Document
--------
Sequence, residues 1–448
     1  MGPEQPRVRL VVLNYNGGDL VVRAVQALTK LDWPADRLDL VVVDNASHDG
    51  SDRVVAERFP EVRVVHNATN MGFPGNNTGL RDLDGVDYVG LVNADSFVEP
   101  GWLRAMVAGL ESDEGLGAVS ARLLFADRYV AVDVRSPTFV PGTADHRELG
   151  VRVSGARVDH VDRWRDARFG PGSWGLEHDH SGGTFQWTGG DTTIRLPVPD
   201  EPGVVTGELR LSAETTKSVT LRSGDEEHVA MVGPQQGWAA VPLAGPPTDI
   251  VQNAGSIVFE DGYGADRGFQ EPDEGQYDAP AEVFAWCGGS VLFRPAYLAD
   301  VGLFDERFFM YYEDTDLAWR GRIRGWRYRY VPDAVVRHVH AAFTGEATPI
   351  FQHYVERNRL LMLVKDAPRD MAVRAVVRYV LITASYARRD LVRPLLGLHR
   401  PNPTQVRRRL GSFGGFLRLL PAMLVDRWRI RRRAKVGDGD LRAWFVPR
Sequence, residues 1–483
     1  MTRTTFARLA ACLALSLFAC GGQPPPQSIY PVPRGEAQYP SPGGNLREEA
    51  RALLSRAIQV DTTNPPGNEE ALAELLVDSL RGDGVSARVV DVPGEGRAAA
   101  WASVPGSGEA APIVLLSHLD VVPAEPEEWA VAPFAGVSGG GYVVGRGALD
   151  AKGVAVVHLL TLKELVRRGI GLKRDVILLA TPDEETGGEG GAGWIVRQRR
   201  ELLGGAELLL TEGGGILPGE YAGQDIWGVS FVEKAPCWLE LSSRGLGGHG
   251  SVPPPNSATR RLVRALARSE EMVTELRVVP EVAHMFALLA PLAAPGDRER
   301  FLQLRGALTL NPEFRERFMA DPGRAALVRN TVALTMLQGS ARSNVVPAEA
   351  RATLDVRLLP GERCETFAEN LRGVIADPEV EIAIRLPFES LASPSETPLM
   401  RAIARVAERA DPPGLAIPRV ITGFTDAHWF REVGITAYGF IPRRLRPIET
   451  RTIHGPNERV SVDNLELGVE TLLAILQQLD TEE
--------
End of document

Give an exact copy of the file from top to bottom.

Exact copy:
Sequence, residues 1–448
     1  MGPEQPRVRL VVLNYNGGDL VVRAVQALTK LDWPADRLDL VVVDNASHDG
    51  SDRVVAERFP EVRVVHNATN MGFPGNNTGL RDLDGVDYVG LVNADSFVEP
   101  GWLRAMVAGL ESDEGLGAVS ARLLFADRYV AVDVRSPTFV PGTADHRELG
   151  VRVSGARVDH VDRWRDARFG PGSWGLEHDH SGGTFQWTGG DTTIRLPVPD
   201  EPGVVTGELR LSAETTKSVT LRSGDEEHVA MVGPQQGWAA VPLAGPPTDI
   251  VQNAGSIVFE DGYGADRGFQ EPDEGQYDAP AEVFAWCGGS VLFRPAYLAD
   301  VGLFDERFFM YYEDTDLAWR GRIRGWRYRY VPDAVVRHVH AAFTGEATPI
   351  FQHYVERNRL LMLVKDAPRD MAVRAVVRYV LITASYARRD LVRPLLGLHR
   401  PNPTQVRRRL GSFGGFLRLL PAMLVDRWRI RRRAKVGDGD LRAWFVPR
Sequence, residues 1–483
     1  MTRTTFARLA ACLALSLFAC GGQPPPQSIY PVPRGEAQYP SPGGNLREEA
    51  RALLSRAIQV DTTNPPGNEE ALAELLVDSL RGDGVSARVV DVPGEGRAAA
   101  WASVPGSGEA APIVLLSHLD VVPAEPEEWA VAPFAGVSGG GYVVGRGALD
   151  AKGVAVVHLL TLKELVRRGI GLKRDVILLA TPDEETGGEG GAGWIVRQRR
   201  ELLGGAELLL TEGGGILPGE YAGQDIWGVS FVEKAPCWLE LSSRGLGGHG
   251  SVPPPNSATR RLVRALARSE EMVTELRVVP EVAHMFALLA PLAAPGDRER
   301  FLQLRGALTL NPEFRERFMA DPGRAALVRN TVALTMLQGS ARSNVVPAEA
   351  RATLDVRLLP GERCETFAEN LRGVIADPEV EIAIRLPFES LASPSETPLM
   401  RAIARVAERA DPPGLAIPRV ITGFTDAHWF REVGITAYGF IPRRLRPIET
   451  RTIHGPNERV SVDNLELGVE TLLAILQQLD TEE